David Lauderdale

What we really feast on at Thanksgiving: Family and tradition

Marshall Duke is a psychology professor who likes to give a talk called "The Thanksgiving Tuna and Other Traditional American Rituals."

It was spawned by his casual chats with people on the beaches of Hilton Head Island. Under the guise of a nutty professor, Duke takes great pleasure in quizzing strangers about their Thanksgiving traditions.

He found that a number of people celebrate Thanksgiving on Friday for one reason or another. But at the head of his class is the family he talked to on the beach whose tradition is to bake a whole tuna for Thanksgiving dinner. They best illustrate something that the clinical psychologist who has taught at Emory University in Atlanta for more than three decades has documented in his professional research involving hundreds of families.

"It's not the day that matters," Duke said. "It's not even the food. It's actually the gathering that matters, and that's where the power is. There's great strength in that."

For Marshall and Sara Duke, this will be the 34th year their family has gathered on Hilton Head for Thanksgiving. They've always come for Thanksgiving week with another couple and everyone's full families, which this year will total 22 people and three generations.

Like so many other families, they long all year for their week of peace and quiet, of playing on the beach and riding bikes.

But the Duke and Stephen Nowicki families are a bit different in other ways.

Early on, Sara Duke added rituals to the week. They would buy their frozen turkey and Thanksgiving trimmings at Gene Martin's Red and White supermarket, then hide it all in the palmettos and pine straw. A family ritual was born with the festive hunting and gathering of the food.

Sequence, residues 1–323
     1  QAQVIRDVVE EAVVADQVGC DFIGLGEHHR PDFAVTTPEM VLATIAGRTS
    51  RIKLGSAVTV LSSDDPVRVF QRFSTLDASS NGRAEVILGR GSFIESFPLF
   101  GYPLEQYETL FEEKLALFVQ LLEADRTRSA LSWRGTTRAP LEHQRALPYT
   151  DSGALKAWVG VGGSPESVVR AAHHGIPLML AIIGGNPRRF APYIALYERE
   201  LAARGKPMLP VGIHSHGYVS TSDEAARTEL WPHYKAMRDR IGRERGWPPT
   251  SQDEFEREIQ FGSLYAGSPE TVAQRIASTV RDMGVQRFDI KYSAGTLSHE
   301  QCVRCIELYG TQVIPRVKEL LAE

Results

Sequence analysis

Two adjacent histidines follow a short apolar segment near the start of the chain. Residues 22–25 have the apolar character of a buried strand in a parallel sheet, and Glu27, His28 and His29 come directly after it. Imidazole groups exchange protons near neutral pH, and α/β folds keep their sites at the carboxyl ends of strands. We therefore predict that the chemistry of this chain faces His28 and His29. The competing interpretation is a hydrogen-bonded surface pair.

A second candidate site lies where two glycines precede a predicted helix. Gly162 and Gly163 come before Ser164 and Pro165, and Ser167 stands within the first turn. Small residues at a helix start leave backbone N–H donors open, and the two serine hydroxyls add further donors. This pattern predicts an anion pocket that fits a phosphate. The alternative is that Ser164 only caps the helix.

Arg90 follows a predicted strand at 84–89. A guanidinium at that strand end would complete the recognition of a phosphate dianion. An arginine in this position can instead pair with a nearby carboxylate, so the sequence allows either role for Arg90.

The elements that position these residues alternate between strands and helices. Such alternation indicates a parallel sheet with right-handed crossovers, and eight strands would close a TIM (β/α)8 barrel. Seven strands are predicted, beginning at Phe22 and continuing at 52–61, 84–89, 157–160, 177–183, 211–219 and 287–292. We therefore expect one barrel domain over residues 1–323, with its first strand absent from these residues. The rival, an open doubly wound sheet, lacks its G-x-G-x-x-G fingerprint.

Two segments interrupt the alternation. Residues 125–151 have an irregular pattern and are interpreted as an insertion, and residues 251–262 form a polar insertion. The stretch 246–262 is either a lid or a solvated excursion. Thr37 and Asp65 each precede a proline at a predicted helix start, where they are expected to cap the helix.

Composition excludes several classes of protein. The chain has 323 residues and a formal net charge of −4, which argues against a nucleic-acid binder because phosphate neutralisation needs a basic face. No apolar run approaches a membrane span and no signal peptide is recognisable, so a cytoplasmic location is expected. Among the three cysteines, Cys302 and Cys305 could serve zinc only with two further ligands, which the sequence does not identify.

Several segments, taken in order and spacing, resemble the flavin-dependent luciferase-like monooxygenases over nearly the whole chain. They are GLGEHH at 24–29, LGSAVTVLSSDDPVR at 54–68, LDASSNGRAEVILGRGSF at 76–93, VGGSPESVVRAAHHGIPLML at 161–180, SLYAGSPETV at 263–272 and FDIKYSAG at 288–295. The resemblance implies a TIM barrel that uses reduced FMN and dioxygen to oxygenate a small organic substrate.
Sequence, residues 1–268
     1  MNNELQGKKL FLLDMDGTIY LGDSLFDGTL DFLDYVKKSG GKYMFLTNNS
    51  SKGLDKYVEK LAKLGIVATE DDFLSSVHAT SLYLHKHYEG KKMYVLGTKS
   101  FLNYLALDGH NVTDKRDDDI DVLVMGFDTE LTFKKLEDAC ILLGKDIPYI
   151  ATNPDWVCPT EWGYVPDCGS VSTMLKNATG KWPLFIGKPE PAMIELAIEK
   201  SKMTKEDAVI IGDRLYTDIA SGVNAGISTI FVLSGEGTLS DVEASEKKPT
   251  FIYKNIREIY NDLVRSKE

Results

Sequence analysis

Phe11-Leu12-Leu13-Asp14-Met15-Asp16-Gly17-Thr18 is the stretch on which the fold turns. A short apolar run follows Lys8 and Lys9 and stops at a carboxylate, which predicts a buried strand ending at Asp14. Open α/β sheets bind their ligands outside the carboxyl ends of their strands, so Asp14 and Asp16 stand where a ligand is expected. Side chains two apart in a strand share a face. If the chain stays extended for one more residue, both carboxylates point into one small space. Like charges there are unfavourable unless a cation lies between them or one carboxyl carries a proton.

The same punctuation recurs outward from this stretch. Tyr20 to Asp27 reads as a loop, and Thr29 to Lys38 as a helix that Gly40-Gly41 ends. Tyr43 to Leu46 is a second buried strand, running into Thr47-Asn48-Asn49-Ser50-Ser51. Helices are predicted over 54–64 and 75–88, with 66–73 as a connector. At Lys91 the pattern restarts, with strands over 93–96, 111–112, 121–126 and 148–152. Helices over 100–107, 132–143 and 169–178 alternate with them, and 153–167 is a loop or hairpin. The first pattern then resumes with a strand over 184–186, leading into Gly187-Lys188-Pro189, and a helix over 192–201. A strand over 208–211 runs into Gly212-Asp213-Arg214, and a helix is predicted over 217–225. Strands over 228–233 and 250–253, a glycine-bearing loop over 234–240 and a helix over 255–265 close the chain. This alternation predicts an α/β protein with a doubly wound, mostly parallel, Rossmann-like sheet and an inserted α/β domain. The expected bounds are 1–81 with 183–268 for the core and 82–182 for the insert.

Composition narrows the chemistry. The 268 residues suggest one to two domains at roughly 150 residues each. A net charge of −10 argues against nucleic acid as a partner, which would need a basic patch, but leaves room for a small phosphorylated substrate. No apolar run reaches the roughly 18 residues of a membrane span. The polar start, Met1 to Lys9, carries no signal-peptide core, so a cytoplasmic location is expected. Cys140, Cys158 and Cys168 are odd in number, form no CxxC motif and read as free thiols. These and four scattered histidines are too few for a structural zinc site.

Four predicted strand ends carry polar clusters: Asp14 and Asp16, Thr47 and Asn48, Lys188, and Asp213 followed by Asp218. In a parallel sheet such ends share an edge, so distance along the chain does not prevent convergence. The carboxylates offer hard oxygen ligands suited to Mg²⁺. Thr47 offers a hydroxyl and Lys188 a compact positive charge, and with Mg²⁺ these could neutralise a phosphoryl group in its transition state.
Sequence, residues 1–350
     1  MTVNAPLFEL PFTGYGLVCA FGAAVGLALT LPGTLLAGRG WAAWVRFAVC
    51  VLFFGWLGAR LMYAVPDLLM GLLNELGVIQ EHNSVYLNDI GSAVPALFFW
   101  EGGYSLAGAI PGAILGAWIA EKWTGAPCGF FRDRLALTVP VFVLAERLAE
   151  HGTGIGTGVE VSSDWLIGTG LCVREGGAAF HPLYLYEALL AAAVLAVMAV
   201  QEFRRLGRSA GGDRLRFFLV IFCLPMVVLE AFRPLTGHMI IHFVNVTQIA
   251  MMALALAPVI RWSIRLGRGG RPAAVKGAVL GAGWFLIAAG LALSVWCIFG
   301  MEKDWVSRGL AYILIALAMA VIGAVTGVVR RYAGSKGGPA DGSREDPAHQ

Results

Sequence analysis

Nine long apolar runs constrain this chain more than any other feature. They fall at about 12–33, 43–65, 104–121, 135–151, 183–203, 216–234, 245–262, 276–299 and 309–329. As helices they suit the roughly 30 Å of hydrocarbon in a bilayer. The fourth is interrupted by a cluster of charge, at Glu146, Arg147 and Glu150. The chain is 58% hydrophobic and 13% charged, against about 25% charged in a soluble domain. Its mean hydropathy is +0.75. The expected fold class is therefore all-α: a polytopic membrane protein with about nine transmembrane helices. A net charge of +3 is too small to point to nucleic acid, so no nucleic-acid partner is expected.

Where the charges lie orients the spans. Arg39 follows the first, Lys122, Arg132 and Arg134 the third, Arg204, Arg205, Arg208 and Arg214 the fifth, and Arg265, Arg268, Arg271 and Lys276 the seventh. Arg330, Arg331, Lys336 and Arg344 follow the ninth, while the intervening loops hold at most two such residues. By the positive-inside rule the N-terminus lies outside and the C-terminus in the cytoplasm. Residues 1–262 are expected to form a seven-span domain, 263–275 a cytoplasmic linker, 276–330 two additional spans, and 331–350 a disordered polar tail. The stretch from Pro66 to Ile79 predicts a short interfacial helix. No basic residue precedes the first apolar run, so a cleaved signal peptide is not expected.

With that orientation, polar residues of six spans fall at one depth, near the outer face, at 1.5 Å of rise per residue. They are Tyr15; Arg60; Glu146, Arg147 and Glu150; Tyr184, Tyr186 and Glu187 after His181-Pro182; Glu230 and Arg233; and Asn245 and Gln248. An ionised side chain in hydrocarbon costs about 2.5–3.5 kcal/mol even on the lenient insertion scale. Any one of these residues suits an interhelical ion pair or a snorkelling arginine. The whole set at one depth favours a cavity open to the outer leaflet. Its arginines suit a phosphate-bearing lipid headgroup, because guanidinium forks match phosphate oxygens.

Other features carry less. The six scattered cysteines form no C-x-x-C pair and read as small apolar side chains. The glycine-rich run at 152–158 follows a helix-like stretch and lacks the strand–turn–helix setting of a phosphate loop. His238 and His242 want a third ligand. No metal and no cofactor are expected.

They reenact the landing at Plymouth Rock, arriving on driftwood and yelling, "Land ho!"

They create Native American-inspired crafts. They have a fishing contest. And they have a week-long Survivor Hilton Head Competition, with bandanas identifying teams competing in beach football, sand-castle building or the shell-toss.

"Lots of things pull families apart -- work, carpools, activities, all kinds of things," Duke said. "Family rituals give consistency and stability to lives, especially the children."

His life's work grew out of his experiences on Hilton Head.

His research at Emory's Myth and Ritual in American Life Center has documented that, "statistically speaking, families that extend real effort to counteract the forces that pull them apart have better adjusted children who tend to do better in school and to avoid drugs and delinquency, better functioning families, kids with higher levels of self-confidence and with stronger senses of who they are."

His daughter, Sharon Duke Estroff, now writes, speaks and consults nationally on family challenges that didn't exist when she was an 8-year-old in the back of the station wagon on that first trip to Hilton Head.

As a mother of four, ages 8 to 18, Estroff can speak about the new "appendages" -- cell phones, iPads and computers. She tackles it in her 2007 book, "Can I Have a Cell Phone for Hanukkah?" She talks turkey about online social networking sites for grade-schoolers in her "Undercover Mommy" blog at her website, www.sharonestroff.com.

In her latest blog at Huffington Post, Estroff writes that, "Thanksgiving after Thanksgiving, my family returned to Hilton Head, weaving a legacy as seemingly rich and alive as that of the historical barrier island itself." She says families need those rituals more than ever in "a rocket-paced, anxiety-ridden, unpredictable 21st-century world."

Her father believes that's just the point. The goofy rituals and laid-back story-telling teach children that no matter what they hear about the world or how horrible things seem, it will be OK. They taste stability. They have a touchstone. They know they don't have to swim upstream alone.